U.S. Sen. Bernie Sanders (I-VT) was in town Monday morning to face business leaders at a Lake Champlain Chamber of Commerce breakfast. Then he high-tailed it over to his Burlington office for a press conference on transportation funding and his campaign to overturn Citizens United, the Supreme Court ruling that ushered in the spending orgy consuming the GOP presidential race.
After that — and before hopping a noon plane back to Washington, D.C. — he carved out 20 minutes to sit down with Seven Days for a wide-ranging interview that touched on Vermont Yankee, Burlington's mayoral politics and whether Vermont needs a state-level "Buffett Rule."
Sanders also talked about super PACs — President Obama's decision to embrace them and the circumstances under which he might do the same — which was the subject of this week's Fair Game column, "A Bernie Sanders Super PAC?"
The following are edited excerpts from the conversation.
SEVEN DAYS: You've proposed a constitutional amendment to overturn Citizens United. What is the actual pasth to passage for that proposal? How certain or uncertain is it?
BERNIE SANDERS: It's not certain. And it's certainly not going to take place given the current [Congress]. You’re going to need two-thirds House, two-thirds Senate, and then three-quarters of the states. So it’s not going to be easy. But it is enormously important. What we can do, though, a lot easier, is pass legislation that doesn’t go as far as a constitutional amendment does, but can significantly mitigate the damage. For example, there will be a bill coming up, I suspect, within the next month or two which says that if you are a corporation putting an ad on television, you have to do what candidates have to do and say, 'I approve. I'm the head of General Electric, I’m the head of Bank of America, and I approve this ugly, nasty 30-second ad attacking somebody.' Once you force them to have their face up there, then you have done away with their ability to hide who they are and I think that will significantly diminish the number of ads.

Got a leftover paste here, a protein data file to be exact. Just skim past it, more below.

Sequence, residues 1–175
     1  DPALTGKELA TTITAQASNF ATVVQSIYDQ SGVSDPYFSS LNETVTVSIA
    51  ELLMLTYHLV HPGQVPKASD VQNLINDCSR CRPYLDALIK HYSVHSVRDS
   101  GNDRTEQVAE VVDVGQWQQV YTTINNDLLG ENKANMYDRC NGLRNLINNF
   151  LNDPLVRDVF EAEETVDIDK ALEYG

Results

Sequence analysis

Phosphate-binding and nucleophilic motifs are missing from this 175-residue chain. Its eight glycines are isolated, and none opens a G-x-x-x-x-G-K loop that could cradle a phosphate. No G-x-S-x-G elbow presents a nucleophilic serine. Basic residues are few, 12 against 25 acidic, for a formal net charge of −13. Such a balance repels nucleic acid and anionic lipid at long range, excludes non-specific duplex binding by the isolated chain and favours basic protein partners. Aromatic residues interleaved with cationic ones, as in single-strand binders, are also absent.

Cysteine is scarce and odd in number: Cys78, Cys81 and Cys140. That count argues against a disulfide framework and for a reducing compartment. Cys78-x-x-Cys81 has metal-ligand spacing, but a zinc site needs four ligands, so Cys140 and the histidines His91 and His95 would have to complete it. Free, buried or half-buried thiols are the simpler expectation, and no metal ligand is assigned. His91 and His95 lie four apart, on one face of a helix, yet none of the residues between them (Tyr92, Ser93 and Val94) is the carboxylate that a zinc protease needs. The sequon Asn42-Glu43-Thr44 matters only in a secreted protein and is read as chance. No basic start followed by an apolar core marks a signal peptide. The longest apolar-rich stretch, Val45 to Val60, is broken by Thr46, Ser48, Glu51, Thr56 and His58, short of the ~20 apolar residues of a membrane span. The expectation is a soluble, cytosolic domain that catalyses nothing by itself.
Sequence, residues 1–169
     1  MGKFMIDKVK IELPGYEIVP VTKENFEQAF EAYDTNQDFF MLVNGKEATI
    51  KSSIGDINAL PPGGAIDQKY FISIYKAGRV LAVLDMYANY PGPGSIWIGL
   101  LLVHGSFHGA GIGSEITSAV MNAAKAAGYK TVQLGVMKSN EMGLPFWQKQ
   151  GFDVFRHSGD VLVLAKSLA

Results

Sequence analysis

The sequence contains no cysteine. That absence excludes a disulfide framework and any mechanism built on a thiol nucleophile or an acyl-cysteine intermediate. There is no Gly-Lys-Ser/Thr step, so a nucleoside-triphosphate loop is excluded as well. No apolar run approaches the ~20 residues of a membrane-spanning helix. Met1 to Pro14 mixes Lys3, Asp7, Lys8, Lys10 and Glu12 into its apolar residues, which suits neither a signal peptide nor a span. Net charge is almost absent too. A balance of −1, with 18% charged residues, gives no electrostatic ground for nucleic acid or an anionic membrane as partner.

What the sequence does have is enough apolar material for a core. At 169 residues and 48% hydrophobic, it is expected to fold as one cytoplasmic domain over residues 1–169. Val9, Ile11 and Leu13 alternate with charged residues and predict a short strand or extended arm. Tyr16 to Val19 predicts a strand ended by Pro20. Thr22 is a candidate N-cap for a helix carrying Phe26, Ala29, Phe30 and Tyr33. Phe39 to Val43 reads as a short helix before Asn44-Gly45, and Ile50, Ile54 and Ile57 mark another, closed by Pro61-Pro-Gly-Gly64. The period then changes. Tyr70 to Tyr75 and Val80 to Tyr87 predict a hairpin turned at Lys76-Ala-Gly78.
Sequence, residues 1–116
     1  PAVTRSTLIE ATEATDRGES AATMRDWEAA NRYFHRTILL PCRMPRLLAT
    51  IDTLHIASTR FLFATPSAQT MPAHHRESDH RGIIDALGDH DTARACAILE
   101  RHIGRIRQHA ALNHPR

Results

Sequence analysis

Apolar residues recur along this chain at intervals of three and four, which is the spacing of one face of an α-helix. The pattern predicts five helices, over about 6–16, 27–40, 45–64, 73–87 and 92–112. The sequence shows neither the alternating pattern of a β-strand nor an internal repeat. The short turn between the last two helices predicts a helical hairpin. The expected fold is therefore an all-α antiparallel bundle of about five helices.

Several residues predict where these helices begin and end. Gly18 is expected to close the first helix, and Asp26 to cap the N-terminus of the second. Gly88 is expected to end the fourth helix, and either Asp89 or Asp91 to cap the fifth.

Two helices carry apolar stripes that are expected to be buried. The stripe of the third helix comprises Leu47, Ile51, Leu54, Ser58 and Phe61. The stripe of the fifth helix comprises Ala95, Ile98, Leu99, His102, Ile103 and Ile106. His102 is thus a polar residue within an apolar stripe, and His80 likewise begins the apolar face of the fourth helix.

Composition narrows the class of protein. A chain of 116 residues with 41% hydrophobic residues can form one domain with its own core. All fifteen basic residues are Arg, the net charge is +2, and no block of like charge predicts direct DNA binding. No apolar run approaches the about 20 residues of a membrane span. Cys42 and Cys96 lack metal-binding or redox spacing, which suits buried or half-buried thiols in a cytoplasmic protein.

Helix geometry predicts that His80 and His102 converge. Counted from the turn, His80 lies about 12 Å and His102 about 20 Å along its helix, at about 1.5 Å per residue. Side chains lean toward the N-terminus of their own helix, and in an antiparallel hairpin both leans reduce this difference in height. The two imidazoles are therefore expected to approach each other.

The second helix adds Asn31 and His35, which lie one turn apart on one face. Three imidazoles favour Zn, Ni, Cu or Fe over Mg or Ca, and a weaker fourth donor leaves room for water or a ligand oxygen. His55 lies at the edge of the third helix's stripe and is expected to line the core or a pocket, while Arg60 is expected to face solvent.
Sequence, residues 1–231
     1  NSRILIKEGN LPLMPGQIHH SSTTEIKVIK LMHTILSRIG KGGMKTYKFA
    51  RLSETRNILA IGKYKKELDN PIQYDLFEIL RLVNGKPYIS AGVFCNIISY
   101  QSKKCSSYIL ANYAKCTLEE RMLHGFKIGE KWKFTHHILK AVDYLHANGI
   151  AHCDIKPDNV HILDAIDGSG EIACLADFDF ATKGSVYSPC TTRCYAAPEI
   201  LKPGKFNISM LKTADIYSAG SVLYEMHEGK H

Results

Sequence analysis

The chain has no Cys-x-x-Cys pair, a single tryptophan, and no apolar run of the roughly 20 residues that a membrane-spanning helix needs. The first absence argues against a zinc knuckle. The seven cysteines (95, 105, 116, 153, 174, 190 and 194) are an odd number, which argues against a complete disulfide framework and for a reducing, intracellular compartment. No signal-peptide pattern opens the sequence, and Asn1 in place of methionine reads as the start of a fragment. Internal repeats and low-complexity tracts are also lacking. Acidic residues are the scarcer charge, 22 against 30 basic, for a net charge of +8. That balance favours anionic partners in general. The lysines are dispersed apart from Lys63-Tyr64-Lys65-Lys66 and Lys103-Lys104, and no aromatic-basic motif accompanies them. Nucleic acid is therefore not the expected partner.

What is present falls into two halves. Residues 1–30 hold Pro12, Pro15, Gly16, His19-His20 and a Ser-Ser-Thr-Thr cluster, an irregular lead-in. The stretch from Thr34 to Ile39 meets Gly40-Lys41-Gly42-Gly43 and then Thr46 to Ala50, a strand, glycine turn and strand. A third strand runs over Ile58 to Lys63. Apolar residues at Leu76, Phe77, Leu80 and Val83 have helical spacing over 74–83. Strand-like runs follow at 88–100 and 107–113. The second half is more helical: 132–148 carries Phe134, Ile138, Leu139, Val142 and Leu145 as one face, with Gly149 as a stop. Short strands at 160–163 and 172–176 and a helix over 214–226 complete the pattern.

SD: President Obama caused a ruckus last week when he said he would embrace the super PAC for his reelection. Would you ever accept help from a super PAC for your own reelection?
BS: I certainly would prefer not to. But I will tell you this. There is no member of the United States Senate that I think Wall Street, the oil companies, the coal companies, the military-industrial complex would like to defeat more than me. And I think it’s not going to happen, so I think that's kind of a hypothetical question that I’m not going to have to deal with. But we can chat about it if, six months from now, many, many millions of dollars are coming in attacking me.
SD: If it was a last resort...?
BS: That’s something we would look at, but I hope it’s not going to have to ... It’s the same issue as dealing with Obama. Should you be principled and allow your opponent to spend huge sums of money and you say, 'Well, I'm a principled guy and we're going to get outspent 5-to-1, and I'm going to lose the election?' Well, it's just something we’ll have to look at if and when it arises.
SD: Your amendment would declare that corporations are not people and it would give Congress the ability to regulate spending in elections. Would it solve the problem of nonprofits and unions giving unlimited sums? That’s one thing that’s come up.